Term Paper: Topic 14 Impact of the Credit Crisis on Commercial Banks vs Securities Firms
A commercial bank (or business bank) is a type of financial institution and intermediary. A financial institution that lends money and provides services, such as accepting deposits, giving business loans and auto loans, mortgage lending, and basic investment products like savings accounts and certificates of deposit. The traditional commercial bank is a brick and mortar institution with tellers, safe deposit boxes, vaults and ATMs. However, some commercial banks do not have any physical branches and require consumers to complete all transactions by phone or Internet. In exchange, they generally pay higher interest rates on investments and deposits, and charge lower fees. Commercial banking activities include underwriting, acting as an intermediary between an issuer of securities and the investing public, facilitating mergers and other corporate reorganizations, and also acting as a broker for institutional clients. Some commercial banks, such as Citibank and JPMorgan Chase, also have investment banking divisions, while others, such as Ally, operate strictly on the commercial side of the business.
Securities firms are a stock broker's business. They charge a fee to act as intermediary between buyer and seller. Securities firms include firms whose principal lines of business are in securities brokerage, financial advisory services, investment banking and/or securities trading. Investment management may be a line of business among these firms, but not the dominant line. Securities firms do not issue securities, but rather trade them in the open market. The securities’ side of the business can only pair buyers with the new stock being brought to market, while the investment banking division actually issues the new stock. Securities firms primarily exist to facilitate, buy, and sell transactions between individual investors. There are many securities firms active in today’s market. Ameritade is a leading discount and online securities brokerage firm that is a subsidiary of TD Bank Financial Group. Charles Schwab was one of the first discount brokerage firms and continues to be a leader in this market space. Schwab has expanded into related lines of business and has added a network of branch offices. Goldman Sachs is possibly the most prominent firm on Wall Street. They are strong in investment banking, asset management and high net worth client services. Edward Jones offers a business model that reassures single advisor offices with a lot of independence. JPMorgan is the securities division of JPMorgan Chase, parent company of Chase Bank, formerly Chase Manhattan Bank. Morgan Stanley combines retail brokerage, money management, investment banking and securities trading. The addition of Smith Barney greatly increases its brokerage footprint, originally the result of a 1997 merger with Dean Witter. Smith Barney was the securities industry division of banking giant Citigroup, parent company of Citibank. This division is now Morgan Stanley Smith Barney. Morgan Stanley Wealth Management, formerly called Morgan Stanley Smith Barney, was formed by Citigroup's spinoff of its Smith Barney brokerage division to Morgan Stanley. The combined firm has the largest force of financial advisors in the industry. Wachovia Securities was a joint venture of Wachovia Bank (62%) and Prudential Financial (38%), improved in 2008 by the acquisition of A.G. Edwards. It was bought by Wells Fargo later in 2008. In September 2009 Wachovia Securities was renamed Wells Fargo Advisors, in recognition of its new corporate parent.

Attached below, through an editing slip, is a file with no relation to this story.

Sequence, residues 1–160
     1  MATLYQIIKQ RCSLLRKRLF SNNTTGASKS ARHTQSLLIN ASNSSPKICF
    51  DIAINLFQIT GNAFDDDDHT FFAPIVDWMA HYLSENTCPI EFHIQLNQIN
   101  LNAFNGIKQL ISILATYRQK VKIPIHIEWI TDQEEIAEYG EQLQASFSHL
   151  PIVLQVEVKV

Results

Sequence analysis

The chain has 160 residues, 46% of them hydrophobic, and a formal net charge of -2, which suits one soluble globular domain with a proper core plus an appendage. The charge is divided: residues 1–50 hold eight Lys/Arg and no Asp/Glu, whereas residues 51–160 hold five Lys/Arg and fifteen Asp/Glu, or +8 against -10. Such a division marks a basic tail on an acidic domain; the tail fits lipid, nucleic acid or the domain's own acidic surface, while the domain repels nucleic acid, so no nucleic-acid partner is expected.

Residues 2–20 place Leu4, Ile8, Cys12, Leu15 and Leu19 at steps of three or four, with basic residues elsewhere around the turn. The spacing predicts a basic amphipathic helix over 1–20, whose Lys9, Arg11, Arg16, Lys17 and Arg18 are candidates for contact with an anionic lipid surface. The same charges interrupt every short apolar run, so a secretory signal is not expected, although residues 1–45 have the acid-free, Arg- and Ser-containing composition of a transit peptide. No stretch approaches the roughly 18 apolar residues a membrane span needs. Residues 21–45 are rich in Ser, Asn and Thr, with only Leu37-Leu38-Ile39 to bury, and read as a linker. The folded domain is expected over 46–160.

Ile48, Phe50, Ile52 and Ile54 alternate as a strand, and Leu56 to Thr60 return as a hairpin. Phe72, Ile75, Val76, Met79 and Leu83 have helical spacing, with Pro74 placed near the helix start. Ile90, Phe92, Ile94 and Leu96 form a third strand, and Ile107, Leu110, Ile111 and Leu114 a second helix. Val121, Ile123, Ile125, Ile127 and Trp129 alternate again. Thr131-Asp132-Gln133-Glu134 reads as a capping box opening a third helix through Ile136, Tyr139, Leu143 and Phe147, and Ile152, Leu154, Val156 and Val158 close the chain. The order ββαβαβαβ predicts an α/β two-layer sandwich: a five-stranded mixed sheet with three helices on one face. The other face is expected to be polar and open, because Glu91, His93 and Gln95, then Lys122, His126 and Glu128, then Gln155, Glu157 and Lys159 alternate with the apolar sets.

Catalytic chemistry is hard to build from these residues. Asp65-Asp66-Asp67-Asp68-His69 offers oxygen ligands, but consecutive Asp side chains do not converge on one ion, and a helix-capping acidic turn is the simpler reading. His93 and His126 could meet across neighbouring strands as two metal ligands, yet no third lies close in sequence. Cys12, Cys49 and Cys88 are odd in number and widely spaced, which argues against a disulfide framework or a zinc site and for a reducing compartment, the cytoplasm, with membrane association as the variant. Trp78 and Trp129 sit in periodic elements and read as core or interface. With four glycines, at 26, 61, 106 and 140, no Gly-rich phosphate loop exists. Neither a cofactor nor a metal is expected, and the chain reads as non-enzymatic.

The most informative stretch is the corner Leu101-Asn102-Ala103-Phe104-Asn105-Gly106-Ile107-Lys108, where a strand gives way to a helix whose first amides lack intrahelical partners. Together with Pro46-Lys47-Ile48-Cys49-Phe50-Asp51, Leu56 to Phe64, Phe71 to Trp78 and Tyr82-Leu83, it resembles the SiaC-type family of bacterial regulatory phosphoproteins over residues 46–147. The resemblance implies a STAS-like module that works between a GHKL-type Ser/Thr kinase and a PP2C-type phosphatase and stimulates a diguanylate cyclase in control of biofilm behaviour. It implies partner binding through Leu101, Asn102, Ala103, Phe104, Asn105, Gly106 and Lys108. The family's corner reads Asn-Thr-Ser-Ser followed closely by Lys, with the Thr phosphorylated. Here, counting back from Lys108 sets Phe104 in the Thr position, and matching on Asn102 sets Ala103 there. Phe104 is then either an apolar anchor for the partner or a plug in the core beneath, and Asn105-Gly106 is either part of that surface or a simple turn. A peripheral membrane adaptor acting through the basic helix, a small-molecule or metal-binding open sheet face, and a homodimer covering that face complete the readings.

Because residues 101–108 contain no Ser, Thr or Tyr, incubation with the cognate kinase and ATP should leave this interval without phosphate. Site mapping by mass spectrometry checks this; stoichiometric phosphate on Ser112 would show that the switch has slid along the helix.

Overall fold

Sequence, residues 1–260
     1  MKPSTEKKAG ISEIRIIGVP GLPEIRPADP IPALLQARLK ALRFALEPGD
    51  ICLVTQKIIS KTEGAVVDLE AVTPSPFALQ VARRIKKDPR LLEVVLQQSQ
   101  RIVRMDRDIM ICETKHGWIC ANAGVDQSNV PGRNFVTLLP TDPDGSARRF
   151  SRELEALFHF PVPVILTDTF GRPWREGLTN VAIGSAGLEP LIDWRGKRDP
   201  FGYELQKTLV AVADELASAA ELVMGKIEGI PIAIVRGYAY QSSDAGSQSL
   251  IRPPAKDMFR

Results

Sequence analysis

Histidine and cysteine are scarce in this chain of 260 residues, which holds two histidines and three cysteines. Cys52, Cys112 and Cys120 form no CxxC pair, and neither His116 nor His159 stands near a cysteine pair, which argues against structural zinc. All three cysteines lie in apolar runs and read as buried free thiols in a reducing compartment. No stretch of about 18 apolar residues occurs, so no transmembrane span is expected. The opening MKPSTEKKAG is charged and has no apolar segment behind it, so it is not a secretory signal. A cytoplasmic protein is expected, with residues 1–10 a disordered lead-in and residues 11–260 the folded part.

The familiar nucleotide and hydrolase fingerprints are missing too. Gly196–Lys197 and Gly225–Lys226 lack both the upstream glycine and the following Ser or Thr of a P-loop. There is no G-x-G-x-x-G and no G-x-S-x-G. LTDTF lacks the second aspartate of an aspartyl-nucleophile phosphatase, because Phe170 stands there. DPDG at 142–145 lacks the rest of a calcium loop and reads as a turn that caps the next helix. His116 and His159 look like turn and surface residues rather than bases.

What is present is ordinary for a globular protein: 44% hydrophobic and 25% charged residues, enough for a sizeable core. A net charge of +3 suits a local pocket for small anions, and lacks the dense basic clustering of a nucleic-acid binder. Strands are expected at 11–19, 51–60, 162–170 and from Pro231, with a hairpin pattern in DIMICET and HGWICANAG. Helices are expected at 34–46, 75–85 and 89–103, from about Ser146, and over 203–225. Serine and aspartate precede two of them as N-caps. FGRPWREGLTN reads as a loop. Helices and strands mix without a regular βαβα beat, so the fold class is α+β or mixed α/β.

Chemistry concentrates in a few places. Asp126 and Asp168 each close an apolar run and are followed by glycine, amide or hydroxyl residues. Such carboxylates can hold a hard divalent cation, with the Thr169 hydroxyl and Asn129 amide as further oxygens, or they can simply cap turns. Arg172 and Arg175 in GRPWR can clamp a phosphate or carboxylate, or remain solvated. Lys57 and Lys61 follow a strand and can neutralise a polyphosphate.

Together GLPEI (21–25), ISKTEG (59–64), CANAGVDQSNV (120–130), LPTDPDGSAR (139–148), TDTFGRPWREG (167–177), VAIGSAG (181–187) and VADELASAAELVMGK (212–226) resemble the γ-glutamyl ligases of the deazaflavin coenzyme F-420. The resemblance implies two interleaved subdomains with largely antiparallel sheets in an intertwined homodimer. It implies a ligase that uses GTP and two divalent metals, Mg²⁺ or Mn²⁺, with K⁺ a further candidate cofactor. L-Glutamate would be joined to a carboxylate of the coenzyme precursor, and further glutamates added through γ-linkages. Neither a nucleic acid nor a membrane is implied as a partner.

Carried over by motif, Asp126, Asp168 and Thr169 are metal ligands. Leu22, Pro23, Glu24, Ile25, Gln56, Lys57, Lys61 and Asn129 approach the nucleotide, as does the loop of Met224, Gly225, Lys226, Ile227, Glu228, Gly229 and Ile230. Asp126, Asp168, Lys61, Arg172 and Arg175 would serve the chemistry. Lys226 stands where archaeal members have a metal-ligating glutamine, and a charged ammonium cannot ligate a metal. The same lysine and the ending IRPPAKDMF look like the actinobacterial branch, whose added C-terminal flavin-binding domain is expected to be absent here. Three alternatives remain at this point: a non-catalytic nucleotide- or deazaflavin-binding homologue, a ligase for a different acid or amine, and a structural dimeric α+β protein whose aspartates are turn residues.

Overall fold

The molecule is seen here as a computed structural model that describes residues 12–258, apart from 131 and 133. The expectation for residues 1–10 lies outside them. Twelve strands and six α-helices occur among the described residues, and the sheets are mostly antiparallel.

It began when large numbers of people decided that real estate, which still hadn’t really recovered from the early 1990’s decline, had become inexpensive. During that time, Wall Street was making it easier for buyers to get loans. It was...